systems, cloud users can access the particular computing resources they need, at a particular point in time, for a fraction of the cost of owning and maintaining them. As their needs expand and contract, they can simply scale up or scale back without having to worry about details like electricity costs for operating and cooling equipment, or licensing fees and upgrades for software applications. The computing resources are conveniently available at any time, and from any place, as long as there is a working Internet connection. As a practical matter, however, use of the cloud means that a lawyer’s (or law firm’s) email, word processing, and document management systems – and all of the confidential client information contained on them – are no longer housed within the four walls of the lawyer’s office, but rather, somewhere in cyberspace that the lawyer may not be able to readily identify at any given point in time. It is in these details that the devil may reside.
In an economy where the bottom line and around-the-clock accessibility have become increasingly important, to many organizations, cloud computing may seem like a no brainer. But before making the leap to the cloud, there are certain ethical issues that should be considered. Although a comprehensive discussion of the myriad legal issues implicated by cloud computing are beyond the scope of this article, the interested reader may wish to refer to the following series of blog entries, which provide an excellent overview of some of these issues:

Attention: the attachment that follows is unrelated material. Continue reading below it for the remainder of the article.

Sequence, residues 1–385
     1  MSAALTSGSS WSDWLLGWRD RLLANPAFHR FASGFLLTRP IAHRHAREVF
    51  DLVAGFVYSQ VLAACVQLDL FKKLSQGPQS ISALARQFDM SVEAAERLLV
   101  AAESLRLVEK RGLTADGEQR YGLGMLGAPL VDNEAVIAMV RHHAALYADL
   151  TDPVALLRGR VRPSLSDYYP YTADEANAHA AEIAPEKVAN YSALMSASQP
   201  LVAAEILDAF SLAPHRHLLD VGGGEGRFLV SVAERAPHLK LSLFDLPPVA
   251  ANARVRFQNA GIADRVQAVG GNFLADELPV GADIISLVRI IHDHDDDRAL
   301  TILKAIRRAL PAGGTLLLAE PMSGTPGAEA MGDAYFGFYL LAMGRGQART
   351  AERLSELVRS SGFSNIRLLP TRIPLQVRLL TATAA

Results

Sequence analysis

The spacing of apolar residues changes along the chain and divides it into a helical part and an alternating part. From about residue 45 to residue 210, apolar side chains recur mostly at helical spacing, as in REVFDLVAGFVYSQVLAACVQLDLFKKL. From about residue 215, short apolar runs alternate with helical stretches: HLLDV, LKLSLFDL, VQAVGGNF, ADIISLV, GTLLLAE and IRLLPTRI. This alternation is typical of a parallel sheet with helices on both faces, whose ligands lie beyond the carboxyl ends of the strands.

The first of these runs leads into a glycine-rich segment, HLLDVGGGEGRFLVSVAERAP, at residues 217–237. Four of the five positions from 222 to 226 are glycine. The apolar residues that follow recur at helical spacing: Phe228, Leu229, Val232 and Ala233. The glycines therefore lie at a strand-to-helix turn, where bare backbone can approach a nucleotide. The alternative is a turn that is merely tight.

http://www.infolawgroup.com/2009/08/articles/cloud-computing-1/legal-implications-of-cloud-computing-part-one-the-basics-and-framing-the-issues/ (discussing the
basics of cloud computing);
http://www.infolawgroup.com/2009/09/articles/breach-notice/legal-implications-of-cloud-computing-part-two-privacy-and-the-cloud/ (discussing privacy considerations in cloud computing); and
http://www.infolawgroup.com/2009/10/articles/cloud-computing-1/legal-implications-of-cloud-computing-part-three-relationships-in-the-cloud/ (discussing relationships in
As for the pertinent ethical issues, we address below some of those that uniquely apply when it is the law firm that moves to the cloud. There are other issues that are implicated primarily when it is the client that chooses to do so. Those we will address in the second article in this series.